Inboxes are being hit by “Office 365 Update” emails warning that your account is to be closed.
The emails, which supposedly come from the “Microsoft.com Team”, claim that you must click an “Update Your Account” link if you wish to continue using Office 365. It warns that if you ignore the update request, your account will be closed.
Here’s a screenshot of one of the scam emails:
If you click the link, a bogus Office 365 login form will load in your browser.
Here’s what the login form looks like:
Ironically, the fake login uses an online form service provided by Microsoft rival Google. If you enter the requested information and click the “Submit” button”, you will see a message noting that your response has been recorded.
Criminals can now use the details you supplied to hijack your account. Once the crooks have gained access, they can use your account to distribute scam and spam emails in your name, access documents you have stored online, and commit further fraudulent activities.
Microsoft will never send you an email threatening to close your account if you do not click a link to log in and update details. Nor, of course, would Microsoft ever use an online form supplied by Google.
Keep in mind that is always safest to login to all of your online accounts by entering the address into your browser’s address bar or via a trusted app.
This scam email is very similar to another recent scam that falsely claims that your Office 365 address needs to be updated to the 2020 version. Again, the scam email is designed to steal your account login details.
A transcript of the scam email:
Office 365 – Update
This message is being sent to you to inform you that your account is to be closed
If you wish to continue using this account please upgrade to our services.
Ignoring this message will cause your account to be closed
Update your account
Note: Please take a few moment to update your account now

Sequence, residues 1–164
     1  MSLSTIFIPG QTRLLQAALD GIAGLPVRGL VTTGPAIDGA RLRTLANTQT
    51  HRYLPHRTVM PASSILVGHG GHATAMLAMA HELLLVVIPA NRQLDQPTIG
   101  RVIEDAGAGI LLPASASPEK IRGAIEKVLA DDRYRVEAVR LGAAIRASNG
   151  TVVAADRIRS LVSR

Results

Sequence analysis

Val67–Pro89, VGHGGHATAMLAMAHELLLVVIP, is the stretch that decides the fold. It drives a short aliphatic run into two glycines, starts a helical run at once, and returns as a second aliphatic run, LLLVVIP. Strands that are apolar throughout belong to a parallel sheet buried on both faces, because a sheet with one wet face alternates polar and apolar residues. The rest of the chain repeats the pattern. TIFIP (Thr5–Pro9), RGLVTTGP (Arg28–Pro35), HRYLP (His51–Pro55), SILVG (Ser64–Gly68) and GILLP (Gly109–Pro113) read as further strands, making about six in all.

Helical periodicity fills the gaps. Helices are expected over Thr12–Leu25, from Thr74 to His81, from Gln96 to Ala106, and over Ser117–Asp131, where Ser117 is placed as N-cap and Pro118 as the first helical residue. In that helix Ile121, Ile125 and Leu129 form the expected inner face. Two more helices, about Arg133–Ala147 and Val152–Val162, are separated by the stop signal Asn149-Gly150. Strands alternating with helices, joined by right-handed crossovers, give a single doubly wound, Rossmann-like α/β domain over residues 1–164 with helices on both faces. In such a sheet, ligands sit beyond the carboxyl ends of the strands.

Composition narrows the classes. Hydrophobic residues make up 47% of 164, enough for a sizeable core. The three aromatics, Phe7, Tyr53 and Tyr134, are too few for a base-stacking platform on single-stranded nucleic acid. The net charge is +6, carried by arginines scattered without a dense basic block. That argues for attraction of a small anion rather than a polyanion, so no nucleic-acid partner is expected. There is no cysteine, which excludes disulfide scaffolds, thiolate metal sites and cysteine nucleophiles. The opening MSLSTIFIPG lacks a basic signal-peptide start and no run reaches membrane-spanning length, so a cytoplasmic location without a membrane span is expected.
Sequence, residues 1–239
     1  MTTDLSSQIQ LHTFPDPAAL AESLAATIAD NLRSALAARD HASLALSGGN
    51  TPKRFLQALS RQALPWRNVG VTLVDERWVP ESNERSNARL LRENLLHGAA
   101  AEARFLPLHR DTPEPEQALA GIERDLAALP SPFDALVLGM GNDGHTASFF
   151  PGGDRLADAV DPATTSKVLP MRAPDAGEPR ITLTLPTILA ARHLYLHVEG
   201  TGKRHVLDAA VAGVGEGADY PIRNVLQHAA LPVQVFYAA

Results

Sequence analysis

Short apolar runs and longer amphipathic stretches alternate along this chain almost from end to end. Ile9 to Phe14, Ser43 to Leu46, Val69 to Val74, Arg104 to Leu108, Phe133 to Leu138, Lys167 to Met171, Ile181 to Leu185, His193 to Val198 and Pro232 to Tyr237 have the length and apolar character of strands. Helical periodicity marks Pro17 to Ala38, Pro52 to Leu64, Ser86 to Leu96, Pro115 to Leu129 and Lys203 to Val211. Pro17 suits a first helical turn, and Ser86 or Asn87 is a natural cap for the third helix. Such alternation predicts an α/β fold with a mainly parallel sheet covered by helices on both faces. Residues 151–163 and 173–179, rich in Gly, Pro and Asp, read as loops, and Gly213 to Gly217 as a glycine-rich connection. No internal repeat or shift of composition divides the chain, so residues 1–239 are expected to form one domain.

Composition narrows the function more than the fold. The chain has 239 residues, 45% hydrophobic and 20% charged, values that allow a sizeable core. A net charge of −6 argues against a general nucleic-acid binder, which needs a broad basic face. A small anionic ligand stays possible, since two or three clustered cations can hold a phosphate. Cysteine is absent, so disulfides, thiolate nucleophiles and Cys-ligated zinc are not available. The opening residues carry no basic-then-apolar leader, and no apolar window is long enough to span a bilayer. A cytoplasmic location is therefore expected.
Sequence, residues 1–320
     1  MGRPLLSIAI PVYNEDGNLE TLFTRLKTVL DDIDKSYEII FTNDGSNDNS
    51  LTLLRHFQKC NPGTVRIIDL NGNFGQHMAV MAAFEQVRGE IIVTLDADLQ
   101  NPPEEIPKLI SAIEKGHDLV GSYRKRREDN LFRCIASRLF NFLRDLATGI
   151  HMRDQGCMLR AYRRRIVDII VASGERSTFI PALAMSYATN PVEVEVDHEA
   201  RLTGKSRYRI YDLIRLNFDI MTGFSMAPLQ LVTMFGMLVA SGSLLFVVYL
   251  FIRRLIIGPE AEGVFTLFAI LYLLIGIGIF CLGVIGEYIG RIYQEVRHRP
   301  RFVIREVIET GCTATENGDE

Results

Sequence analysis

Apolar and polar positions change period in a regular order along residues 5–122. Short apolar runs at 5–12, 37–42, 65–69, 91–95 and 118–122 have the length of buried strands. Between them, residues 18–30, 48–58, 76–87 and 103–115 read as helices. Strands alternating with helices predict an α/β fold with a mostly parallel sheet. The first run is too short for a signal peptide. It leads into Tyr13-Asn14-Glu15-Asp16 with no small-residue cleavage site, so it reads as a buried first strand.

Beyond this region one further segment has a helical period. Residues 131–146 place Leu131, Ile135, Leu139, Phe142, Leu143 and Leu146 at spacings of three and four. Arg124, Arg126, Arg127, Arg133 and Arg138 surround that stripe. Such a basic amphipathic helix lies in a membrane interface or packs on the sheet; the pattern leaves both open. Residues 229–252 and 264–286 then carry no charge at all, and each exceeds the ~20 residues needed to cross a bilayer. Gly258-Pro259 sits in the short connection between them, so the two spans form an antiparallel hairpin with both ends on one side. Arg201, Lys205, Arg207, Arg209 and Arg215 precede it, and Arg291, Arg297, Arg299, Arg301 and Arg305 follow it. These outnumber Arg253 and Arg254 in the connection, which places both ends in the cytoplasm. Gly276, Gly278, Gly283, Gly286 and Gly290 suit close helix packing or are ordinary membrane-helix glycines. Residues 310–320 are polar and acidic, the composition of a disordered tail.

Importance NoticeAfter considerable thought and with an ache in my heart, I have decided that the time has come to close down the Hoax-Slayer website.
These days, the site does not generate enough revenue to cover expenses, and I do not have the financial resources to sustain it going forward.
Moreover, I now work long hours in a full-time and physically taxing job, so maintaining and managing the website and publishing new material has become difficult for me.
And finally, after 18 years of writing about scams and hoaxes, I feel that it is time for me to take my fingers off the keyboard and focus on other projects and pastimes.
When I first started Hoax-Slayer, I never dreamed that I would still be working on the project all these years later or that it would become such an important part of my life. It's been a fantastic and engaging experience and one that I will always treasure.
I hope that my work over the years has helped to make the Internet a little safer and thwarted the activities of at least a few scammers and malicious pranksters.
A Big Thank YouI would also like to thank all of those wonderful people who have supported the project by sharing information from the site, contributing examples of scams and hoaxes, offering suggestions, donating funds, or helping behind the scenes.
I would especially like to thank David White for his tireless contribution to the Hoax-Slayer Facebook Page over many years. David's support has been invaluable, and I can not thank him enough.
Closing DateHoax-Slayer will still be around for a few weeks while I wind things down. The site will go offline on May 31, 2021. While I will not be publishing any new posts, you can still access existing material on the site until the date of closure.
Thank you, one and all!